Förderverein Informationstechnik und Gesellschaft

[GILC-plan] NYT: Europe Hacker Laws Could Make Protest a Crime

------- Forwarded message follows ------- Date sent: Thu, 06 Mar 2003 10:36:57 -0500 To: From: Bobson Wong <> Subject: [GILC-plan] NYT: Europe Hacker Laws Could Make Protest a Crime

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Perhaps some of our European colleagues have some more insights on this...

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Europe Hacker Laws Could Make Protest a Crime By PAUL MELLER {New York Times]

BRUSSELS, March 4 - The justice ministers of the European Union have agreed on laws intended to deter computer hacking and the spreading of computer viruses. But legal experts say the new measures could pose problems because the language could also outlaw people who organize protests online, as happened recently, en masse, with protests against a war in Iraq.

The agreement, reached last week, obliges all 15 member states to adopt a new criminal offense: illegal access to, and illegal interference with an information system. It calls on national courts to impose jail terms of at least two years in serious cases.

Critics from the legal profession say the agreement makes no legal distinction between an online protester and terrorists, hackers and spreaders of computer viruses that the new laws are intended to trap.

Last Wednesday, protesters against a possible war against Iraq barraged the White House and Senate offices with tens of thousands of messages by phone, fax and e-mail, as part of what was billed as the first-ever "virtual protest march."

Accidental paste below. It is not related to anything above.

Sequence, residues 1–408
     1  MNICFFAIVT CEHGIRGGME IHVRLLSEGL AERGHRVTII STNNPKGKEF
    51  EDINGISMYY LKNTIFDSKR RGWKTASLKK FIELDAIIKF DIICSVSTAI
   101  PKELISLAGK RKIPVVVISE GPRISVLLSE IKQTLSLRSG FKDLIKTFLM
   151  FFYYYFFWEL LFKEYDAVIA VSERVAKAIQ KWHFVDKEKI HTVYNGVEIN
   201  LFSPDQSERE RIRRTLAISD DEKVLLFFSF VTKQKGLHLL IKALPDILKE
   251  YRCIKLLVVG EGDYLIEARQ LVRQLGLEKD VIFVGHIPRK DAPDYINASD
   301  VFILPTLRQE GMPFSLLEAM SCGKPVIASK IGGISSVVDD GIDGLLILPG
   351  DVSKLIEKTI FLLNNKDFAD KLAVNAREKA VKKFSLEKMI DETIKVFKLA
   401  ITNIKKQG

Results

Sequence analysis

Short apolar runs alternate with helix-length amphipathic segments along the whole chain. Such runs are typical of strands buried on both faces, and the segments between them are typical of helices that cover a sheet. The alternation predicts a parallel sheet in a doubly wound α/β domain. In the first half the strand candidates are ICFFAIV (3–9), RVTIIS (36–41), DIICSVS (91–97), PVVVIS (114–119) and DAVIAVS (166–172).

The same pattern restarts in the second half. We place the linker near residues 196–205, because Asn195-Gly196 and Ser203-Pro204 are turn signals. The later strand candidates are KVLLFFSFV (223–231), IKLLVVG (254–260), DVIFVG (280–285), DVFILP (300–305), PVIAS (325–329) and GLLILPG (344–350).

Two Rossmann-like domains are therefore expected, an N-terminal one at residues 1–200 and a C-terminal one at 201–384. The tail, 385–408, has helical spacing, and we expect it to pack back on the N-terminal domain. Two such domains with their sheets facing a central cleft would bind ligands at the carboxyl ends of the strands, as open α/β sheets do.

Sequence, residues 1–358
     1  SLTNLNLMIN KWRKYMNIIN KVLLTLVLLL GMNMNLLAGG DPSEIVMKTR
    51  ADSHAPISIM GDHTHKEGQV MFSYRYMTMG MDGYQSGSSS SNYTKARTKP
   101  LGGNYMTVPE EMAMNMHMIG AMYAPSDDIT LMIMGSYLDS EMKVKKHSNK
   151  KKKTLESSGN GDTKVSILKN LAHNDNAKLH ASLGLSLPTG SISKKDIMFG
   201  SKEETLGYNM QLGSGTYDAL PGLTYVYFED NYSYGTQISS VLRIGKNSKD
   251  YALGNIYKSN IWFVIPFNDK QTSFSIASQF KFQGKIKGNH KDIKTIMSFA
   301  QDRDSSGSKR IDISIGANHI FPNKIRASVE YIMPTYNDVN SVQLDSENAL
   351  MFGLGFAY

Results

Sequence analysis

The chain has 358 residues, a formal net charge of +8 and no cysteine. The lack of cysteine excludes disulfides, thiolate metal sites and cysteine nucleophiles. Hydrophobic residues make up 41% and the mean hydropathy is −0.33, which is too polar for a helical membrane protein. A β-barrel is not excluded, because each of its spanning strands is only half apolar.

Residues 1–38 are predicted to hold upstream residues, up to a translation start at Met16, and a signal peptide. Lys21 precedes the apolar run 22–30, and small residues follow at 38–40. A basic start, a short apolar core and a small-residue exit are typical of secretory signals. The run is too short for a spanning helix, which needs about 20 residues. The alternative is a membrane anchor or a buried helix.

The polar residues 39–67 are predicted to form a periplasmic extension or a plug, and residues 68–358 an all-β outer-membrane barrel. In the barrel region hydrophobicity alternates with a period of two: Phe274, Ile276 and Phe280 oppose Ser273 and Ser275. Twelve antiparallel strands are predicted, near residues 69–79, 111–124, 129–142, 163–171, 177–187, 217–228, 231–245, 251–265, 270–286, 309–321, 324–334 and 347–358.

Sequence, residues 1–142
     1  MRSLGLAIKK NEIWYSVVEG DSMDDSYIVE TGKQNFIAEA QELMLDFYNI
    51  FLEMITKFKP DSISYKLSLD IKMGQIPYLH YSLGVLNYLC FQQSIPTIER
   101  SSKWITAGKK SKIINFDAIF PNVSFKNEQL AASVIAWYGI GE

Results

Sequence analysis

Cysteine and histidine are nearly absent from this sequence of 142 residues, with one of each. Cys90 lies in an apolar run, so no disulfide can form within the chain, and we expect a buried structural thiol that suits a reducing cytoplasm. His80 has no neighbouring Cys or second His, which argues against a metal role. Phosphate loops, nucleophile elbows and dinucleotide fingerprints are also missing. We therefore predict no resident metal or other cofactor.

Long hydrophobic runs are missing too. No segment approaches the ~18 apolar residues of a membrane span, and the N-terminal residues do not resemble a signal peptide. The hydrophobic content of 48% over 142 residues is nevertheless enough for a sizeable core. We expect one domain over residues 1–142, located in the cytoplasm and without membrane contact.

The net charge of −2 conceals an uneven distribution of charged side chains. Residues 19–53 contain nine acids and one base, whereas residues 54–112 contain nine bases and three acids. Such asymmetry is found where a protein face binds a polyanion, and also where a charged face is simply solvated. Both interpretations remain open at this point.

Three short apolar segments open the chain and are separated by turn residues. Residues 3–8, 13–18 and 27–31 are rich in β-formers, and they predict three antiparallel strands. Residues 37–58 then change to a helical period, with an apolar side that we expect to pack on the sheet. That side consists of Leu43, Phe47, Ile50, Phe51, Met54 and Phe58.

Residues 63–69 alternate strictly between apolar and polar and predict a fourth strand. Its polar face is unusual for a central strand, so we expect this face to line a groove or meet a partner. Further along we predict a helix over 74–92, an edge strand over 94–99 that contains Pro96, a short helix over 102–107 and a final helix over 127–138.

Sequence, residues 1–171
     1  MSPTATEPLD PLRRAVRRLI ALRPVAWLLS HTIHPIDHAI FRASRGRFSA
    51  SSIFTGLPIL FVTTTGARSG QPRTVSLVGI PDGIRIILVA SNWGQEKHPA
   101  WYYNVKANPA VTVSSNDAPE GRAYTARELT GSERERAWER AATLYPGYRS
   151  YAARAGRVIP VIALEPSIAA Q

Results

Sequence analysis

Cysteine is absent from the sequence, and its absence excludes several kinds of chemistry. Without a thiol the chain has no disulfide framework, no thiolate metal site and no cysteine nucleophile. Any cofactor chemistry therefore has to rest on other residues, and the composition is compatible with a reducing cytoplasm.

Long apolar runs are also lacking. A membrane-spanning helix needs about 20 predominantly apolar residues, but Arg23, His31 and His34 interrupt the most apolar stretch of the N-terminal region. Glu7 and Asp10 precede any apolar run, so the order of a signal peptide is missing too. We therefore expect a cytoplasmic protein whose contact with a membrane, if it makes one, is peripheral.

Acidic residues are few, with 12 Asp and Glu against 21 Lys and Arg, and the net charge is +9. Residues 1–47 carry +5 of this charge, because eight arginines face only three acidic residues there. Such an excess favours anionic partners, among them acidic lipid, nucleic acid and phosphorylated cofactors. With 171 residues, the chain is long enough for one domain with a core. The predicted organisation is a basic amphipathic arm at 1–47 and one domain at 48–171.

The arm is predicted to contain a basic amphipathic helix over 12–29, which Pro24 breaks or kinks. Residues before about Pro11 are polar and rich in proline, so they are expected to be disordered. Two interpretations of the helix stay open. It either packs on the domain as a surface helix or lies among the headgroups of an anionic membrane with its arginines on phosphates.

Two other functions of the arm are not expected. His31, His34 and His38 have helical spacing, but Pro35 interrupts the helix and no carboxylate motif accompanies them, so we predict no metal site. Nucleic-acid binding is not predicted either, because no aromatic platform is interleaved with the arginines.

Under the new agreement, if European Union citizens undertook a similar electronic bombardment of the e-mail, fax and phone lines of the British prime minister, Tony Blair, they might be liable for prosecution, said Leon de Costa, chief executive of Judicium, a legal consultancy based in London. The new code "criminalizes behavior which, until now, has been seen as lawful civil disobedience," Mr. de Costa said.

Ulrich Sieber, a professor of law at Munich University, urged lawmakers to amend the code to add a specific reference to the right to free expression as outlined in the European Union's Charter of Fundamental Human Rights.

Marco Cappato, a European Parliament deputy from Italy, said he failed to persuade the ministers to insert wording that differentiates between the online equivalent of trespassing and someone breaking and entering. The role of the European Parliament is consultative, so it cannot force changes to the law.

A European Union diplomat involved in the drafting of the measures agreed that protection mechanisms in the code are soft and said that amendments could still be made.

-- Bobson Wong Executive Director Digital Freedom Network 1372 Broadway, 20th Floor New York, NY 10018 U.S.A. Phone: +(1-646) 223-1282 Fax: +(1-646) 223-1290 E-mail: Web:

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